In this analysis of the Project Talent data, the g factor model as represented by the Spearman’s Hypothesis (SH) was confirmed for the black-white cognitive difference but not for the sex difference. Results from MGCFA and MCV corroborate each other. MGCFA detected small-modest bias with respect to race but strong bias with respect to sex cognitive difference. Full result is available at OSF.
Multivariate genetic analyses and simple correlational analyses have been conducted to evaluate the extent to which the general factor (g) of intelligence is differentially heritable, compared to, for example, group factors. A positive correlation would be supportive of Jensen’s view, notably advanced in The g Factor (1998), of the heritable g. This can be interpreted to say that what makes people being good at all tests has more genetic component than what make people being good at one specific test. On the other hand, if environmental effects are smaller at the g level, it would mean that what make people being good at all tests has less environmental component than what make people good at one specific test. Similarly, if heritability is large at the g level and environment is small at the g level, then g differences between persons are largely genetic, not environmental (Plomin, 2003, p. 186).
The present article is a review of the studies published so far and can be seen as a complement to my article on the genetics of intelligence. Brody (2007) and Deary (2006) have already reviewed a large part of the existing studies. But some features need to be highlighted. The article can be subjected to modifications if I happen to read some more studies not listed here (I prefer not to publish a new article each time I read a new research paper). Shortly, there seems to be some proof of differential heritabilities, higher for g. But it’s not overwhelming.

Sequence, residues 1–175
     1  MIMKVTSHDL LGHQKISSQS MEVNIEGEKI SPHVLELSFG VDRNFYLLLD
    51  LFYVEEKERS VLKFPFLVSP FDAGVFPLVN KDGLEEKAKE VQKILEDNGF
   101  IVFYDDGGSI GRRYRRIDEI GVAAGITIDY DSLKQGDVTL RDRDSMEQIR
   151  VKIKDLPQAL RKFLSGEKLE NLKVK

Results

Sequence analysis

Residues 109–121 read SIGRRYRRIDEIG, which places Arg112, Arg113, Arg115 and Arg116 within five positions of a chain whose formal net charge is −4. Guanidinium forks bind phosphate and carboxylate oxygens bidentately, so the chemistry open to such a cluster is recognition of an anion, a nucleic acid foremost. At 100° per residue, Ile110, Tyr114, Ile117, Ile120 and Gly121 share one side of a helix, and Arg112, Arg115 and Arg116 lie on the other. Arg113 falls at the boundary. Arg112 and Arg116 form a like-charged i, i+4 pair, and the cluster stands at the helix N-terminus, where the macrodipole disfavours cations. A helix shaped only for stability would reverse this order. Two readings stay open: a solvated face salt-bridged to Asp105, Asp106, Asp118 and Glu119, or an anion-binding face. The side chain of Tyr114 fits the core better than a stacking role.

The present analysis is an extension of Spitz’s earlier (1988) study on the relationship between mental retardation (MR) lower score and subtest heritability (h2) and g-loadings. These relationships were found to be positive. But Spitz himself haven’t tested the possibility that MR (lower) score could be related with shared (c2) or nonshared (e2) environment. I use the WAIS and WISC data given in my earlier post, and have found that MR is not related with c2 and e2 values. These findings nevertheless must be interpreted very carefully because the small number of subtests (e.g., 10 or 11) is a very critical limitation.
I analyze two studies who provide the necessary data for studying the test-retest effects, namely, Watkins (2007), Schellenberg (2004, 2006). Both used the Wechsler’s subtests, and the correlations between the IQ changes among those subtests with g-loadings are negative, in line with earlier studies on this topic.
A correlation between the g factor and indices of heritability (h2) gives support for the genetic g hypothesis but, on the other hand, the interpretation may appear questionable if g correlates with shared (c2) and/or non shared (e2) environment to the same extent. The results from the present meta-analysis tend to support the hereditarian hypothesis.
The french adoption study, by Capron & Duyme (1989, Table 2; 1996, Table 3), attempted to show that IQ can be improved by adoption. Their numbers displayed an IQ gain of 15 or even 20 points (WISC-R). To recall, Jensen (1997) analyzed Capron and Duyme adoption data (1996) with N=38, a study often cited by environmentalists as evidence against the hereditarian hypothesis. In Adoption Data and Two g-Related Hypotheses, Jensen shows that IQ difference owing to the adoption of children from low-SES parents by high-SES families is not g-loaded while at the same time the IQ difference owing to low-SES versus high-SES biological families loaded in fact on the g factor or PC1. Plus, the SES-difference of adopted families correlated at only 0.099 with SES-difference of biological families.